SUN. SEPT 18, 3PM | “Playing in Unison: Armstrong, Glaser & Davis” with Actor Craig Wallace and
Craig Wallace is a prolific actor and director, known as one of the best actors in DC. His D.C. credits include Roundhouse Theatre: Permanent Collection, Tabletop, The Little Prince; Folger Theatre: Much Ado About Nothing, Othello in Othello, As You Like It, Twelfth Night, Romeo and Juliet, and Measure for Measure; The Shakespeare Theatre Company: Numerous productions includingThe Marlowe, Roman Reps, and Romeo and Juliet; Ford’s Theatre: Jitney and Sabrina Fair; Arena Stage:K2, All My Sons, The Great White Hope, and HotnThrobbing; Signature Theatre: Angels in America, Parts 1 & 2 (Helen Hayes Award nomination for Part 2); Woolly Mammoth Theatre Company: The Last Orbit of Billy Mars, Tommy J & Sally, Our Lady of 121st Street, and Starving; Everyman Theatre: Cherry Orchard, The Soul Collector (world premiere). Craig has worked at several theaters across the country, including Shakepeare Theatre of New Jersey, Actor’s Theatre of Louisville, and Shakespeare Santa Cruz. He received training from Howard University, B.F.A.; The Pennsylvania State University, M.F.A.; and Royal National Theatre, London.
James Early is Director of Cultural Studies and Communication at the Center for Folklife Programs and Cultural Studies at the Smithsonian Institution, Washington, D.C. Since 1984, Mr. Early has served in various positions at the Smithsonian Institution, including Assistant Provost for Educational and Cultural Programs, Assistant Secretary for Education and Public Service, Deputy Assistant Secretary for Public Service, and Executive Assistant to the Assistant Secretary for Public Service.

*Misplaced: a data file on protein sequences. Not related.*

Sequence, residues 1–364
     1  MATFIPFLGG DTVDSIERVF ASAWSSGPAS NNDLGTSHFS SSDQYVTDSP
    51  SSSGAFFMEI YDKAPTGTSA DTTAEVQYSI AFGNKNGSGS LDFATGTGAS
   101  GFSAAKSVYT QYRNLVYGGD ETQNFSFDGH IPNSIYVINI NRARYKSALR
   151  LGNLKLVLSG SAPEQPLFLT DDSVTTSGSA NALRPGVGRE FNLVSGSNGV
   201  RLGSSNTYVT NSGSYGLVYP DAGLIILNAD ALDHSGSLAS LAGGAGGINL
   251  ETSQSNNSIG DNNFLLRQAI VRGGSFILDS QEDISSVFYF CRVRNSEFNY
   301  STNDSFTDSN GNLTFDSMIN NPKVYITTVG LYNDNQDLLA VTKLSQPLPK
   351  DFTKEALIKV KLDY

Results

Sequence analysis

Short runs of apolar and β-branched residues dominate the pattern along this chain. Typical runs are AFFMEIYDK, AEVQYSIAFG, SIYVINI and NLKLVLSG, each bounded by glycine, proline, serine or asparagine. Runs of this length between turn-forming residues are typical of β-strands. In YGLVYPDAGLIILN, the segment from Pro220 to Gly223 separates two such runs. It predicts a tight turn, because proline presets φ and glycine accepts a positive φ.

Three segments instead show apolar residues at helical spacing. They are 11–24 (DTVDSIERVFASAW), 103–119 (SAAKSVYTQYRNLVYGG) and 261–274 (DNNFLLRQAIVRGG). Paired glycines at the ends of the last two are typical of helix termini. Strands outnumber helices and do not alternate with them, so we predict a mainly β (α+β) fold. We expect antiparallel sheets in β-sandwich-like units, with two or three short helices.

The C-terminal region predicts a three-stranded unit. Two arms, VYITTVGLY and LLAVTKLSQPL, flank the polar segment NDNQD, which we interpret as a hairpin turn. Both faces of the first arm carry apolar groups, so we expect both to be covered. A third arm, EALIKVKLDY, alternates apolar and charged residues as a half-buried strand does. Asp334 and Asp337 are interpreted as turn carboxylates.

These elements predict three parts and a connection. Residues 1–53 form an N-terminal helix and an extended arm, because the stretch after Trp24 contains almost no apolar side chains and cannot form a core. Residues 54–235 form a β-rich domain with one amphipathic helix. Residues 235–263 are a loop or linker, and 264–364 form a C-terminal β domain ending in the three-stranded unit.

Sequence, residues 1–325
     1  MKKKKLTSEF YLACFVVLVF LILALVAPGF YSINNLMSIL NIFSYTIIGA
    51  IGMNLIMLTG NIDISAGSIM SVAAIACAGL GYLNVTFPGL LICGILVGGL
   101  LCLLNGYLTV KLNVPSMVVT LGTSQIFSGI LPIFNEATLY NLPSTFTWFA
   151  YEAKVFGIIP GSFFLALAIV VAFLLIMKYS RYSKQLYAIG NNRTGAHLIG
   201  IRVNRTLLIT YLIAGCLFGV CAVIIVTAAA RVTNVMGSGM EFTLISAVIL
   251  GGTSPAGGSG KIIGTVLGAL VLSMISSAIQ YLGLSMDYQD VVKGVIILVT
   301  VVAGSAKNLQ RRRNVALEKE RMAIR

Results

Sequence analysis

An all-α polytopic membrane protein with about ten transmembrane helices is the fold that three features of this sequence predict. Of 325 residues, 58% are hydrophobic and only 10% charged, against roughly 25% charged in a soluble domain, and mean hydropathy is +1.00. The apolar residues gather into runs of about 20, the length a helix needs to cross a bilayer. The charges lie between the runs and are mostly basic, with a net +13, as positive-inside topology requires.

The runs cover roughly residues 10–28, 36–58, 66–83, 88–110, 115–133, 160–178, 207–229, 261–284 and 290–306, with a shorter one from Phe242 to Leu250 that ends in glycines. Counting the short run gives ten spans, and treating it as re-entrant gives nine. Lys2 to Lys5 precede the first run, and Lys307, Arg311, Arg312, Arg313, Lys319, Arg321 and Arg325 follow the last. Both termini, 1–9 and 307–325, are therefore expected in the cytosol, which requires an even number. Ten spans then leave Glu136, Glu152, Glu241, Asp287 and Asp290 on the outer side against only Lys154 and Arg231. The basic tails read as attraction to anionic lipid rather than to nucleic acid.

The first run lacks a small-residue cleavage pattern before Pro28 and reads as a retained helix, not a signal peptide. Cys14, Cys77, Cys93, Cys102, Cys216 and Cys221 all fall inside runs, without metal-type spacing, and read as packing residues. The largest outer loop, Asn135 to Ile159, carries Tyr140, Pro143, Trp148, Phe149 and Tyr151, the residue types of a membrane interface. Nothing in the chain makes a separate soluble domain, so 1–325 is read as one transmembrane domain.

Prior to his work with the Smithsonian, Mr. Early was a humanist administrator at the National Endowment for the Humanities, Washington, D.C., a producer, writer, and host of "Ten Minutes Left," a weekly radio segment of cultural, educational and political interviews and commentary at WHUR FM radio at Howard University, and a research associate for programs and documentation.
As a long-time advocate and supporter of cultural diversity and equity issues in the nation’s public cultural and educational institutions, Mr. Early began these pursuits at Morehouse College in Atlanta, GA, in 1969, where he received a Bachelor of Arts in Spanish. In 1971, Early entered the Graduate Studies program at Howard University on a Ford Foundation Fellowship to pursue a Ph.D. in Latin American and Caribbean History and a minor in African and Afro-American History.
Over the course of a 25-year professional career, Mr. Early has consistently recognized the integrity of historically evolved values and cultures of African-American, Latino, Native-American, and Asian-Pacific American communities. He has taught high school Spanish, worked with the incarcerated, taught at the college level, lectured in the U.S. and internationally, and written extensively on the politics of culture.